The Zambian Referendum Explained

The Zambian Referendum Explained.

THE news that the Referendum to usher the Bill of Rights in the amended Constitution and Article 79 has failed to meet the threshold, is very sad.

Though the amended Constitution is now operational, it can only be complete once citizens enjoy their rights as enshrined under the Bill of Rights.

The failure, therefore, of the Referendum means that citizens have no recourse to the Bill of Rights. The Bill of Rights in the amended Constitution still remains far out of reach for majority.

According to available statistics, there are 7,528,091 eligible voters and for the referendum to have succeeded, votes had to be at a threshold of 3,764,046. The total number of votes cast were 3,345,471, out of which 1,853, 559 were “ Yes” votes and the “ No” votes were found to be 753,549. Rejected votes numbered 739,363.

The drafters of the amended Constitution found it fit to expand the Bill of Rights by including more rights like social, economic, political and cultural so that some of the marginalised groups like women and the youth could have a better quality of life.

Life is dynamic. New trends in various spheres of life are ever evolving. It was for this reason that it was found fit to expand the Bill of Rights to enhance the interests of women, children and the youth, a measure which has been hailed as progressive by a number of interest groups.

For example, the Bill of Rights gives an individual the power to take Government to court if it fails to provide for its citizens school or other such services.

This is a progressive approach to enhancing development because Government, on its part, will provide school infrastructure so that no child is without a school place.

This is what we are beginning to see. Government is building a number of schools to provide places for the many children whether in the urban or rural areas.

But the failure of the Referendum vote means that there is no basis on which an aggrieved individual can launch their complaint.

We should also bear in mind that there is so much that went into preparing for the Referendum.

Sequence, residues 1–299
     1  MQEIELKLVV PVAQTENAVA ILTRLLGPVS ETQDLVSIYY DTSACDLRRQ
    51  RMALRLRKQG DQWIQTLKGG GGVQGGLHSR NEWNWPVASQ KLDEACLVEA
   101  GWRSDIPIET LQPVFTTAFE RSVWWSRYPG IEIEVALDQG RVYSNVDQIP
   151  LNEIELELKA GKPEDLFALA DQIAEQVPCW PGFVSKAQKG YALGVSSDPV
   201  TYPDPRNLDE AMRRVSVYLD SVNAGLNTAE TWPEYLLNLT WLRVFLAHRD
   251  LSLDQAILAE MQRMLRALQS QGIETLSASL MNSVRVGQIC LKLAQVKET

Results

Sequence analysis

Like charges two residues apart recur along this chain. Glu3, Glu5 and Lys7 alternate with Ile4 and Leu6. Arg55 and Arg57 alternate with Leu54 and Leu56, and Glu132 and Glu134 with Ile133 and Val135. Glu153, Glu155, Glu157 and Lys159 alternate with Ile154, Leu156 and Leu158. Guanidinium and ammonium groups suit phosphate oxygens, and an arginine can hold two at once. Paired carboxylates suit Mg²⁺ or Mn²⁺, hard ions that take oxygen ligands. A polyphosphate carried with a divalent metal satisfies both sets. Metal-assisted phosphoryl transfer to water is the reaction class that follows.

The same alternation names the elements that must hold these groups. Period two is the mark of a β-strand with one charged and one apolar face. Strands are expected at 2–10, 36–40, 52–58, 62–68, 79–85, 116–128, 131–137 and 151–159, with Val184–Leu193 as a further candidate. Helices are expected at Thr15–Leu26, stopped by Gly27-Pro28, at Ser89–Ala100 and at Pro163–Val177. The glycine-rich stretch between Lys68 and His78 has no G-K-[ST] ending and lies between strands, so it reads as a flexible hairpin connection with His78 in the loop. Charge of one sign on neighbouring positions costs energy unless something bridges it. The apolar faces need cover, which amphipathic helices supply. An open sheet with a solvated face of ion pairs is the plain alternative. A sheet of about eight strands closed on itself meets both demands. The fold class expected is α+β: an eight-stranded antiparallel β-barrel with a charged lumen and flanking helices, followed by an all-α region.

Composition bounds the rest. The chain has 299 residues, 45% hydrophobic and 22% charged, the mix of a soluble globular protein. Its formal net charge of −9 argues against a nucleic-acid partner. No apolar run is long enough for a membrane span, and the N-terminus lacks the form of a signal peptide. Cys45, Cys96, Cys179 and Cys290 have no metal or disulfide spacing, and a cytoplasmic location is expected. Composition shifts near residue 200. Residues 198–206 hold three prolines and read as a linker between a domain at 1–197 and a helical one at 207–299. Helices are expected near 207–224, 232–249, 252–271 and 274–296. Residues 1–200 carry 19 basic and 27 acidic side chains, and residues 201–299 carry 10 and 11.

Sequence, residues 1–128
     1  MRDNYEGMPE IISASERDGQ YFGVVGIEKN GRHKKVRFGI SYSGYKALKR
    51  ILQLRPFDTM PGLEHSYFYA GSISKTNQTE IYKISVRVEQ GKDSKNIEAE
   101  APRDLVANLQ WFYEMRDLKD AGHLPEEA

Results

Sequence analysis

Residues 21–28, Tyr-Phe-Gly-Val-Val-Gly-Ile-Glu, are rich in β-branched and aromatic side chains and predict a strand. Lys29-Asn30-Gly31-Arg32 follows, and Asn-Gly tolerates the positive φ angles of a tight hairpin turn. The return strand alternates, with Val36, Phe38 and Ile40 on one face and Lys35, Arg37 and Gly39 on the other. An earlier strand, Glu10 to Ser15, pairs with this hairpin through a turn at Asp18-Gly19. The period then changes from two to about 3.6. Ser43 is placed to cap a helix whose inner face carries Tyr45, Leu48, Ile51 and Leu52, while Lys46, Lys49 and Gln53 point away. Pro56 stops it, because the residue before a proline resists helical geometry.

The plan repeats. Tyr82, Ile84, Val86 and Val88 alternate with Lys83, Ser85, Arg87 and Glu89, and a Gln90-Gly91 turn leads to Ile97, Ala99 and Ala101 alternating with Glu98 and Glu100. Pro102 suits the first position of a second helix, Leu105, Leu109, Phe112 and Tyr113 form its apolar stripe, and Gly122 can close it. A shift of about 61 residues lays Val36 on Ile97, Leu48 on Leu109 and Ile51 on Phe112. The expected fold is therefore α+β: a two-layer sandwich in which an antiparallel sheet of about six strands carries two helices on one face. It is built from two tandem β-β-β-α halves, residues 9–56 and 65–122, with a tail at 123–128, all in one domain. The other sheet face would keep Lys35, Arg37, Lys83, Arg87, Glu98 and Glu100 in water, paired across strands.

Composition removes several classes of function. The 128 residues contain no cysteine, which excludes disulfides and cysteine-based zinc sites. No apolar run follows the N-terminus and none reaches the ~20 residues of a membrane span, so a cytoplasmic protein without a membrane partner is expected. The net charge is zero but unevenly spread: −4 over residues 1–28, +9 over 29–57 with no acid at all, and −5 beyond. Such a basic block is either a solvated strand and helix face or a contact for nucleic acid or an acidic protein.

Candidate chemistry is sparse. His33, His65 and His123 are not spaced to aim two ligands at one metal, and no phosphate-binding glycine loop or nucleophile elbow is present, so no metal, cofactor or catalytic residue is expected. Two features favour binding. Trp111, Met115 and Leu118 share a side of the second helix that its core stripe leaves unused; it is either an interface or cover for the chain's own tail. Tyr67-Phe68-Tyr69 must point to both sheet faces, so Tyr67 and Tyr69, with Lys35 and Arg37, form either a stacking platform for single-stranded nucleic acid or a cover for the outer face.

To see the Referendum fail at this stage is a waste of those resources.

It is common knowledge that some of the funds that went into preparing for the Referendum came from our well- wishers – the donors.

They have helped our country through thick and thin.

They are interested in enhancing democratic governance and that is why they can give some of their resources for such causes.

But the turn of events is bound to dampen their zeal to assist us again. We should realise they also have need for that money they give us. It now places us in an awkward position to go back to them for assistance on the same cause.

Considering the time at which the Referendum was held, it was made a political issue when in fact it should have been seen to be for the good of all.

Those who opposed the Referendum only have themselves to blame for this mess. They will have to wait longer to begin to enjoy the benefits accorded by the Bill of Rights. It was a plain contradiction for politicians to promise the marginalised bread and butter while at the same time campaigning against the Referendum.

If the opportunity arises again, there must be wellspelt out sensitisation strategy and politicians must be honest.

With the failure this time around, it means there is more work to do. Government should work with various non- governmental organisations to spread the word.

Political parties should keep politics out of the Referendum whose intended goal is to benefit every Zambian.

For now, it’s a lost opportunity.